Other names

Nitrogen-13, 13N is also known as Positron Emission Tomography (Scan PET). Here it is a list of alternative known names::


  1. Mattsson S, Leide-Svegborn S, Andersson M. X-RAY AND MOLECULAR IMAGING DURING PREGNANCY AND BREASTFEEDING-WHEN SHOULD WE BE WORRIED? Radiat Prot Dosimetry. 2021 Oct 12;195(3-4):339-348. Abstract Full text (link to original source)
  2. ACMUI: Advisory Committee on Medical Uses of Isotopes. Sub-Committee on Nursing Mother Guidelines for the Medical Administration of Radioactive Materials. Final Report Submitted: January 31, 2019 Full text (link to original source)
  3. Mitchell KB, Fleming MM, Anderson PO, Giesbrandt JG; Academy of Breastfeeding Medicine.. ABM Clinical Protocol #30: Radiology and Nuclear Medicine Studies in Lactating Women. Breastfeed Med. 2019 Jun;14(5):290-294. Abstract
  4. IAEA - International Atomic Energy Agency. Radiation Protection and Safety in Medical Uses of Ionizing Radiation IAEA Safety Standards Series No. SSG-46, 2018 Abstract Full text (link to original source)
  5. ICRP 2015: Mattsson S, Johansson L, Leide Svegborn S, Liniecki J, Noßke D, Riklund KÅ, Stabin M, Taylor D, Bolch W, Carlsson S, Eckerman K, Giussani A, Söderberg L, Valind S; ICRP.. Radiation Dose to Patients from Radiopharmaceuticals: a Compendium of Current Information Related to Frequently Used Substances. ANNEX D. RECOMMENDATIONS ON BREAST-FEEDING INTERRUPTIONS. ICRP Publication 128. Ann. ICRP 44(2S). 2015. Table D1 p320-21. Abstract Full text (link to original source)
  6. Ko KH, Jung HK, Jeon TJ. Diffuse intense 18F-FDG uptake at PET in unilateral breast related to breastfeeding practice. Korean J Radiol. 2013 Abstract Full text (in our servers)
  7. Jamar F, Buscombe J, Chiti A, Christian PE, Delbeke D, Donohoe KJ, Israel O, Martin-Comin J, Signore A. EANM/SNMMI guideline for 18F-FDG use in inflammation and infection. J Nucl Med. 2013 Abstract Full text (link to original source) Full text (in our servers)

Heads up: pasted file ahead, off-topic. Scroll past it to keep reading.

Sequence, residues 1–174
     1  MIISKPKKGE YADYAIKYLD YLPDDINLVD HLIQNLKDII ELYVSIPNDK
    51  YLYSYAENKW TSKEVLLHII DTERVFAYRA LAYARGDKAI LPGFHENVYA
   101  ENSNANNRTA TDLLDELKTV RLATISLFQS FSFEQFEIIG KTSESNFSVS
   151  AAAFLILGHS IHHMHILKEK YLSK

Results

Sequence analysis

8. Abhyankar A, Joshi J, Basu S. FDG uptake in unilateral breast related to breastfeeding practice in a patient of pulmonary hydatid cyst. Clin Nucl Med. 2012 Abstract
  9. Hendler D, Stemmer SM. Uncommon reason for high fluorodeoxyglucose positron emission tomography uptake. J Clin Oncol. 2010 Abstract Full text (in our servers)
  10. Leide-Svegborn S. Radiation exposure of patients and personnel from a PET/CT procedure with 18F-FDG. Radiat Prot Dosimetry. 2010 Abstract
  11. ICRP. Radiation dose to patients from radiopharmaceuticals. Addendum 3 to ICRP Publication 53. ICRP Publication 106. Annex D. Recommendations on breast-feeding interruptions, p. 163-165. Ann ICRP. 2008 Abstract Full text (link to original source) Full text (in our servers)
  12. Moses-Kolko EL, Meltzer CC, Helsel JC, Sheetz M, Mathis C, Ruszkiewicz J, Bogen D, Confer AL, Wisner KL. No interruption of lactation is needed after (11)C-WAY 100635 or (11)C-raclopride PET. J Nucl Med. 2005 Abstract Full text (in our servers)
  13. Hicks RJ, Binns D, Stabin MG. Pattern of uptake and excretion of (18)F-FDG in the lactating breast. J Nucl Med. 2001 Abstract Full text (in our servers)
  14. Stabin MG, Breitz HB. Breast milk excretion of radiopharmaceuticals: mechanisms, findings, and radiation dosimetry. J Nucl Med. 2000 Abstract Full text (link to original source) Full text (in our servers)